First, we agree that what’s important about our bodies isn’t the matter/atoms of our body. Rather, it’s our peculiar relation to those atoms. That it’s my body counts for everything, but if we look at bodies just as matter, we don’t get to the my-ness.
    Second, we look at that relationship. What does it mean to have a body? It means, among other things, that we care about what happens to these atoms, that we have a point of view from the space and time in which we’re rooted, and that we are able to turn towards the world with other similarly situated and caring bodies.
    Third, we note that voice – in the “I am what I speak” sense – has those three characteristics: we speak from a point of view about what we care about, turning towards the world together with others.
    Fourth, the Web is all about voice. Thus, on the Web we use and value the very characteristics that being embodied grants us. We learn not that the body is unimportant but that the body purely as matter is unimportant. We go back to the Real World better understanding that having a body is about having passion and a point of view, not about having atoms.

    Weinberger’s account of “webbodies” as presented here again reveals the slippery relationship between the textuality of cyberspace and the web. At its root, being code, everything including the music and pictures on the web can be represented as words or at least combinations of letters or numbers. But as Weinberger (and Franck and Adam) show us, it is not the words or even the virtuality of the web that is neatly determinate of what resides there, rather, it is just as much about the corporeal traces which leak into the spaces of the web.
    I believe this to be a second good example both of the virtuality of bodies and of the question of the relationship bewteen flesh and the word. This example is important for another reason. It is a discussion that happened in part in person, at an academic conference, and in part in cyberspace. It is the thing it tries to prove regardless of who in the end got the nuances right. This shows both how blogs (for me virtual bodies) are about doing, thinking and discussing and trying to make explicit the fleeting, and how the simultaneous presence of a body in both cyberspace and concrete space creates new feedback loops for that body as it shows texts to an audience and reflects on them.
    When Ezekiel takes the scroll into his mouth, he becomes the lamentations, wailings and moanings of his God and shows that text to an audience through his performances of those words. The same dynamic is at work in the performance of the fruits of the spirit by Paul or by contemporary Christians. However, I believe that this is not something that can be explained satisfactorily by improvisation for there is always already a text that is a part of the body that is performed in the body own natural way in the world; through showing.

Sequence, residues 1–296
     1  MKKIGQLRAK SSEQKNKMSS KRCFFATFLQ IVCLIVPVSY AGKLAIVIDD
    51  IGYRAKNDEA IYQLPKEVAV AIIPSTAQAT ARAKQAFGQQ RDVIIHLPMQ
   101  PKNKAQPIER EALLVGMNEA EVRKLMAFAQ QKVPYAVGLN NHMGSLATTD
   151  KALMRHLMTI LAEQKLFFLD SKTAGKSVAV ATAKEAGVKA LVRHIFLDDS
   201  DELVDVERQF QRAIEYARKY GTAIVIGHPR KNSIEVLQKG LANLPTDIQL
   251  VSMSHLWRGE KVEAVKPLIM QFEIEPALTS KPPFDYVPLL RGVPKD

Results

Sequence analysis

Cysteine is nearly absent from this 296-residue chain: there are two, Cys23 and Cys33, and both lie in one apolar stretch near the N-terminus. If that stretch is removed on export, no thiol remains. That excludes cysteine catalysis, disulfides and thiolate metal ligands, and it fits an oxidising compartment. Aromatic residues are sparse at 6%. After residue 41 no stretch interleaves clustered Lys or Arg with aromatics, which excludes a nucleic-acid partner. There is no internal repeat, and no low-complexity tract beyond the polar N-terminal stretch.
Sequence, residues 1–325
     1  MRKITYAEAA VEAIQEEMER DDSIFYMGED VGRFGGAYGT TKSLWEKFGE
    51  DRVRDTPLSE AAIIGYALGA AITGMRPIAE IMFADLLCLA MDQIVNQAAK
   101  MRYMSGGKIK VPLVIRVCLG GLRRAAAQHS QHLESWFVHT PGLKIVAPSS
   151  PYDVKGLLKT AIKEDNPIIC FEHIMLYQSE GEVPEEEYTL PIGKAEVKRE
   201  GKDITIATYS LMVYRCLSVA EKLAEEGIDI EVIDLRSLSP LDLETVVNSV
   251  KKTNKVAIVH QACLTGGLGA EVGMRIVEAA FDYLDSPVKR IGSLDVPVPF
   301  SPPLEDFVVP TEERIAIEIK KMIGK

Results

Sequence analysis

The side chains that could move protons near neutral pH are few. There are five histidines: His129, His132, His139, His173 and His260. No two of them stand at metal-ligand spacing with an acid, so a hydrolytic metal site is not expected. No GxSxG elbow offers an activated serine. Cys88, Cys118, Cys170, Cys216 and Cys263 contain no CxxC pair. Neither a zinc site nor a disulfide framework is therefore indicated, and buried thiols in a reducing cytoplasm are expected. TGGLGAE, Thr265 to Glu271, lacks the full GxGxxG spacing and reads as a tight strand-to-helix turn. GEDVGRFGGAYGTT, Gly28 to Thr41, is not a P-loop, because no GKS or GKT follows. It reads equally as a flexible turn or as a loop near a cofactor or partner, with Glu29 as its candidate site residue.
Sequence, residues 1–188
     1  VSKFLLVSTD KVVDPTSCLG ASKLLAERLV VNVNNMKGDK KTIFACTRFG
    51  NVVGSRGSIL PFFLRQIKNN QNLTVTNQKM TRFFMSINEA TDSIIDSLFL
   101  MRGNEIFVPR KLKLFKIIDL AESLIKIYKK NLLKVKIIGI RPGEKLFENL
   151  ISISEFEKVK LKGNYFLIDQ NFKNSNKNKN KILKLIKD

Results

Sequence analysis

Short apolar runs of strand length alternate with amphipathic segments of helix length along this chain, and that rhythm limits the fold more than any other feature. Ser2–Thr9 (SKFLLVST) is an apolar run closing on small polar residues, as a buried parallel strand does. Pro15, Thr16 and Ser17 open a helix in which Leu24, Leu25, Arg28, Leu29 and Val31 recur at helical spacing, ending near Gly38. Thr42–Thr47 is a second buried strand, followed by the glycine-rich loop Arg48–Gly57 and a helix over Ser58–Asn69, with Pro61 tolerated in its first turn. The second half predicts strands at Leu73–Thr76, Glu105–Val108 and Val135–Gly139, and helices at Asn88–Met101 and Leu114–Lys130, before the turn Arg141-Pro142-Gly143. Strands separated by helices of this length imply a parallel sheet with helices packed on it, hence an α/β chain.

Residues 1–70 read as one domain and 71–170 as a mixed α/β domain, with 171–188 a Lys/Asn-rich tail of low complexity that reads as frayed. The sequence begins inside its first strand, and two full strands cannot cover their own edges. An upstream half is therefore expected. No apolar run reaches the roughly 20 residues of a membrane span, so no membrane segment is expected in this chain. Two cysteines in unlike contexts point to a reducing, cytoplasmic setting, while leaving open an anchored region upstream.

*1*Franck, p. 240.
    *2*Franck, p. 242-243.
    *3*Franck, p. 243.
    *4*Franck p. 244.
    *5* Accessed Sunday, August 20, 2006
    *6* Accessed Sunday, August 20, 2006
    *7*{Wells, 2004, Improvisation : the drama of Christian ethics, 236 p}, p. 24.

  2. I agree, AKMA, that the issues around anonymity arise because the Net is so different from the real world. Not only are our selves different – no small thing, as Trevor makes clear – but the real world is all nooks and crannies, making it hard to connect the jig you did in the grocery store with the learned article you wrote for The Journal of the Hermeneutics of Hermeneutics. Web anonymity reinstates some of those crannies (and maybe even a nook or two), but it’s still very different. That’s why we need to be so careful before we flip defaults. We’re just learning how to manage on the Web – and what sort of selves to be. It’d be a shame if we bulldozed all that in the interest of creating perfectly visible, perfectly trackable selves for the sake of the smoothness of our credit card economy.